Quote:

To ensure that the operator has the best view of the aircraft, the statutory requirement would preclude the use of vision-enhancing devices, such as binoculars, night vision goggles, powered vision magnifying devices, and goggles designed to provide a “first-person view” from the model. Such devices would limit the operator’s field of view thereby reducing his or her ability to see-and-avoid other aircraft in the area.

Contrary to the opinion of the FAA, it is only through the use of FPV viewpoints that R/C pilots can effectively manage to see-and-avoid another airborne object. Parallax error makes it very difficult to determine the relative depth of two objects in the sky. This is easily reproducible.

Maintaining line of sight through the use of binoculars is rare, but has precedent. See the below photo of world model aviation record setter, Maynard Hill.

While we certainly agree with the importance of ensuring the safety of aircraft occupants, we must digress to point out that pilots of man-carrying aircraft are required to stay 500 feet away from people (FAR 91.119). Pilots of model aircraft would be very hard pressed to intentionally hit a moving aircraft from their ground reference. In a collision between a model aircraft and a real aircraft, the assignment of blame should begin by determining whether the pilot of the real aircraft was recklessly operating within 500 feet of the model aircraft operator. Only after that could it be determined who was better able to avoid the accident. In most cases this could not be the operator of the model aircraft.

It is paradoxical to deny model aircraft operators the use of FPV equipment on the basis that it will allow them to harass pilots of real planes, then assert that they must maintain see-and-avoid without the use of the equipment best able to assist them in seeing if they are on a collision course.

We believe the statute uses “Line of Sight” to describe the area “within” which the aircraft can be flown, not the status of the operator’s eyeballs. This area is all the places visible from the pilot’s vantage point. The statute implies that model aircraft should be flown such that they are not behind other objects, such as people, trees, and buildings, relative to the pilot. The statute did not imply that pilots could not augment their vision for safety (e.g. by using binoculars or video equipment). The FAA has no reason to prohibit operators from flying FPV flights within their own line of sight, in particular with a safety pilot operating as either primary or secondary pilot through a “buddy box” type system.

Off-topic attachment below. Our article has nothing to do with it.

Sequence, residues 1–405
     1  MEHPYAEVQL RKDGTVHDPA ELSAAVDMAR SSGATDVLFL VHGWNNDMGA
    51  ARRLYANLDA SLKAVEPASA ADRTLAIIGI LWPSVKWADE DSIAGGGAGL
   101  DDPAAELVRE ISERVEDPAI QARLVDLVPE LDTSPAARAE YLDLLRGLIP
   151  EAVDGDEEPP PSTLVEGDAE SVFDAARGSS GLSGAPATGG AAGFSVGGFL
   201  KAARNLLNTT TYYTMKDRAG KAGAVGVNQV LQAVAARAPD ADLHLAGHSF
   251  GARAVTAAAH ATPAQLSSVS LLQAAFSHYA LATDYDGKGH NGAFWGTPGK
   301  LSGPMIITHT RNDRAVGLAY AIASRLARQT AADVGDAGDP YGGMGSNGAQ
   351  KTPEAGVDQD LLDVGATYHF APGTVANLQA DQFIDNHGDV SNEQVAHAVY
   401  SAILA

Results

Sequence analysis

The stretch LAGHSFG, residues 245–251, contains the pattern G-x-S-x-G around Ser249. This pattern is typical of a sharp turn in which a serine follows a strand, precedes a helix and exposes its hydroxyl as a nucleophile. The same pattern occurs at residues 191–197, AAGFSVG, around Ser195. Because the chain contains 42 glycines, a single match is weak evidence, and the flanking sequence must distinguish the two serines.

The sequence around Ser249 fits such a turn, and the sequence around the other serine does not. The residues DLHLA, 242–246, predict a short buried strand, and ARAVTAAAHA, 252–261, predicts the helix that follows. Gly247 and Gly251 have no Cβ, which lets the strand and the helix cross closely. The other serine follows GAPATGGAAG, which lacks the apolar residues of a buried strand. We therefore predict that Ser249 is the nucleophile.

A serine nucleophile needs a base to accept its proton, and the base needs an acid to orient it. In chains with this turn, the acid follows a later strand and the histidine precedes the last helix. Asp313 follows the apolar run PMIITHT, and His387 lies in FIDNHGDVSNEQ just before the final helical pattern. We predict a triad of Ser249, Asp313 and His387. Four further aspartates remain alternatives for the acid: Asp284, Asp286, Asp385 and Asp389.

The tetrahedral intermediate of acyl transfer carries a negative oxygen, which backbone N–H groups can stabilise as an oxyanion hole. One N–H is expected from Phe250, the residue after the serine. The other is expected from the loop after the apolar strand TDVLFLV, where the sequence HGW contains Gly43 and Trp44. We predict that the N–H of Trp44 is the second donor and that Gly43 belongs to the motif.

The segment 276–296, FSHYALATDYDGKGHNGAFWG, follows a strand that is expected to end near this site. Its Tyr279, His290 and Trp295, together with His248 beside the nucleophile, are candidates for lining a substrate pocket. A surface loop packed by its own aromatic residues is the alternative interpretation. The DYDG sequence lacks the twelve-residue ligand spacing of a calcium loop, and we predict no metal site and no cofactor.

The FAA Interpretation vs the intent of Congress

This section of the memo regarding “commercial” operation weirdly and defensively detours into areas that have nothing to do with the topic at hand of professional drone flights to address the non-issue of commercial model aircraft flights in general, including “receiving money for demonstrating aerobatics with a model aircraft.” Rather than clarify it confounds.

The FAA errs in too broadly applying the following from P.L. 112-95, section 336(c)

Quote:

(1) the aircraft is flown strictly for hobby or recreational use

It is our contention that “hobby or recreational use” was meant to include exactly the activity the FAA believes it excludes. Congress expressly sought to prevent the FAA from regulating the toy and hobby industry, and that includes those who work within it. Congress allowed for the FAA to regulate commercial operations because it saw the future of autonomous crop dusting, hobby atmospheric research vehicles, and autonomously piloted remote sensing vehicles in general. Such vehicles need regulation to operate such that they do not interfere with man-carrying aircraft, or each other. A proper clarification would tackle the difficult job of separating these activities from model aircraft, not lump everything that flies into one group based on the movement of money after it is flown. The FAA seems determined to jump in where it doesn’t belong, despite Congress’ direction.

In order for hobby products to be made they must be tested. In order for an R/C training simulator to be created people must go out and fly the real model to compare it to the simulation. For reviews to be written people must fly the models under review. These people must be paid. The FAA’s interpretation makes them the regulatory authority over the design, testing, production, marketing, and sales of all model aircraft, giving them the power to shut down a hobby they were expressly forbidden to regulate.